Watch Out! Emotions Gone Haywire Are Common During Pregnancy




Magazine photos and Internet images often picture pregnant women smiling, rosy-cheeked, and glowing as they pat their bellies with such TLC it’s palpable even to viewers outside the screen. These imageries often lead us to believe pregnancy is something borne out of fairy tales with happy endings.  In reality, it’s not. In fact, emotions going out of control are commonplace during gestation. When you’re expecting, you’re undoubtedly in for one emotional rollercoaster ride. 

As immediately as I realized the power of my body to engage in creation, and the intense feeling of meaningfulness, I began to fear the changes my body would go through. — Shirley Katz, PhD, CCC

Are Hormones To Blame?

When an expecting mother experiences emotional highs and lows in a heartbeat, we’re quick to blame the rapidly changing hormonal balance the condition causes.

But is this true? Doctors answer with a resounding no, not necessarily. Aside from the hormones, below are the two most common causes of fast-changing emotions during pregnancy:


1. Discomfort – when a baby is planted in a woman’s womb, her body has to accommodate the bigtime addition. Due to this, a lot of changes happen that cause discomfort. An increase in weight, the growing belly, morning sickness, feeling stressed out and fatigue (especially if the pregnancy is a difficult one) are just some of the contributory factors to emotional sensitivity and depression during pregnancy.


2. Overwhelming Changes –getting pregnant also brings an onslaught of significant changes in a woman’s life. If you enjoyed an independent, I-own-me lifestyle before the baby, carrying a baby would change that. Specifically, Career women who were at the top of their game then got pregnant unexpectedly might resent their unborn baby. Then, that feeling of resentment would bear other emotions like guilt as well.



 Research is starting to show that there are genetic differences affecting many women who experience perinatal mood and anxiety issues which cause some women to be oversensitive to the impact of changes in estrogen levels. — Meri Levy, MA, MFTI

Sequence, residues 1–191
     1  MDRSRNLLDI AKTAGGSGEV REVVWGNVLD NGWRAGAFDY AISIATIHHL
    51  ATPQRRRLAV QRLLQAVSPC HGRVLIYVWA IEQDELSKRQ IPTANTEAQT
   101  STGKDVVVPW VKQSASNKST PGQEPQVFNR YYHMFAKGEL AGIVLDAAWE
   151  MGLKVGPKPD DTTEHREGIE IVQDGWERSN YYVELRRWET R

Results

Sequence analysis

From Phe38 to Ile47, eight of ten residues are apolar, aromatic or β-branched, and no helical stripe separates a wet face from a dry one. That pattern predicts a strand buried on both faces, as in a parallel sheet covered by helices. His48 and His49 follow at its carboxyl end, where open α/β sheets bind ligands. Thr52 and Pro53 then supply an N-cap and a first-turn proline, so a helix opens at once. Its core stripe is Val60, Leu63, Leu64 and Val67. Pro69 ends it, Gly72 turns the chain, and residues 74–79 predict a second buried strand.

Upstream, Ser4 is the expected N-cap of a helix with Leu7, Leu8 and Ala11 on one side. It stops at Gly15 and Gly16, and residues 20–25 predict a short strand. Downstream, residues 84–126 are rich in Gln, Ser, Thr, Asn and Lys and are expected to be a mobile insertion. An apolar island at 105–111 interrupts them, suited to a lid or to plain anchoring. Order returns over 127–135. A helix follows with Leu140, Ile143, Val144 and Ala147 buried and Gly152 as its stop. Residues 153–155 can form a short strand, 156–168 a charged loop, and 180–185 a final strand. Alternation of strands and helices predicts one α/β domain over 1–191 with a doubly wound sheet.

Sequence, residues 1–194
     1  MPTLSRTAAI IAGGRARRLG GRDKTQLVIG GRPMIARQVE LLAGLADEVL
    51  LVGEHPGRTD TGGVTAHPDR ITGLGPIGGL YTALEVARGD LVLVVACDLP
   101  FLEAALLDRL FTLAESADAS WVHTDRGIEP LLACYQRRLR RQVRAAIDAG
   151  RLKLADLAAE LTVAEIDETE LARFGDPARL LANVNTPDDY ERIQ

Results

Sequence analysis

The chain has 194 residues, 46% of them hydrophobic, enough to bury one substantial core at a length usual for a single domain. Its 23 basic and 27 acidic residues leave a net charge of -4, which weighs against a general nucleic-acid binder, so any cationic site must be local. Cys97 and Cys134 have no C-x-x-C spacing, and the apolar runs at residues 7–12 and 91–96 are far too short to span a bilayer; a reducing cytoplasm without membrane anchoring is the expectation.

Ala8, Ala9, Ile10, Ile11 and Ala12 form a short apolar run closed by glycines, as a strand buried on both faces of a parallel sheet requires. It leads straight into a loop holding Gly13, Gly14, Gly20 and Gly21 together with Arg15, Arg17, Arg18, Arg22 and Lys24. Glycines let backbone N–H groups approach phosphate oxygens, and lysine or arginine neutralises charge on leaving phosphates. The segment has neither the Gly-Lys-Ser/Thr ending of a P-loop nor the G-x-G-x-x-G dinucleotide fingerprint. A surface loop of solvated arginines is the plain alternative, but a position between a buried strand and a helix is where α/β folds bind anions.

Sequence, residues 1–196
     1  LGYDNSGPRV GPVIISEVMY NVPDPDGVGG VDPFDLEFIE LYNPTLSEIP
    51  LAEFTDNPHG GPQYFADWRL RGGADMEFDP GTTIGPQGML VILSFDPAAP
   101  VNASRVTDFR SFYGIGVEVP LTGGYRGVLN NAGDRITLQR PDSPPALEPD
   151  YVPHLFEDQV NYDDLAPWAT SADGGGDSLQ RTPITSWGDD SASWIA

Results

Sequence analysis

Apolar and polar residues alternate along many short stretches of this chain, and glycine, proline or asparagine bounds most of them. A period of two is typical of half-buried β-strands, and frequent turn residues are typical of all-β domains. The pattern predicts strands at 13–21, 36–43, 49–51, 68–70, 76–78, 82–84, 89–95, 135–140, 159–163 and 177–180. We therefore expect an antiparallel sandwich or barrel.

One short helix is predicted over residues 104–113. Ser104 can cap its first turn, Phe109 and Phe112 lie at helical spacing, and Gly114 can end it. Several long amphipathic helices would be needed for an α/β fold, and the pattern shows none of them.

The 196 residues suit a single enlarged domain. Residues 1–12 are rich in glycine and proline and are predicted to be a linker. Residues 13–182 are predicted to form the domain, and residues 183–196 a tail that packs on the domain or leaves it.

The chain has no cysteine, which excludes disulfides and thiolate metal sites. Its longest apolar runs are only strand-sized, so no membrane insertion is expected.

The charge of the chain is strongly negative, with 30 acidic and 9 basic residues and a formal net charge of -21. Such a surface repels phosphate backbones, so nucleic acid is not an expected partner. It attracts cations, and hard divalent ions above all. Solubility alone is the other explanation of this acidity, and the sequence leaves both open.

Antepartum Depression Or Depression During Gestation

Yes, there is such a mental condition as antepartum depression or depression during pregnancy, and it’s more common than we think.

Statistically, about 13% of expecting and new American moms experience antenatal depression. WHO estimates that approximately 10% of women worldwide have depression during pregnancy. And when left unrecognized and untreated, antepartum depression could go on until after the birth of the baby (postpartum depression).

“Many moms-to-be experience symptoms of depression while pregnant but most brush them away, assuming that these are merely caused by the hormonal changes their bodies are experiencing. Plus, those who are aware might not report their circumstance fearing stigma. Pregnancy is supposed to be an event one must be excited or joyful about, and they fear others would judge them for feeling down, unexcited or entertaining thoughts of hate on their unborn baby,” said one obstetrician.

Pregnant women often complain about receiving insufficient social and emotional support from their partners. Such support is important because twenty five percent of women experience elevated symptoms of depression after giving birth. — Guy Winch Ph.D.

Antepartum Depression: Who Are The Most Susceptible

  • Some women are genetically predisposed to have depression, and pregnancy could be a triggering point. Depression does run in families.
  • The pregnant woman had a history of the condition for women who fought with the mental malady in their teens or during their early adult years, the risks of having antenatal depression are high.
  • The pregnancy is unwanted.
  • The partner is not supportive of it.
  • The pregnant woman had a history of miscarriage and is fearful her present condition would end up in the same way.
  • The mom-to-be doesn’t have a healthy and loving support group to reach out to.
  • The expecting woman has a history of abuse and violence. A great example of this is rape victims who get pregnant after the exploitation.
  • Substance or drug abuse and dependence.
  • Other stressful events can also trigger antenatal depression like changing or unstable jobs and the recent death of loved ones.


Yes, feeling very emotional when pregnant is common. However, you must be aware of the thin line that seems to separate what’s normal and what’s not at this period. Awareness saves lives – the mother’s and that of the unborn baby precisely.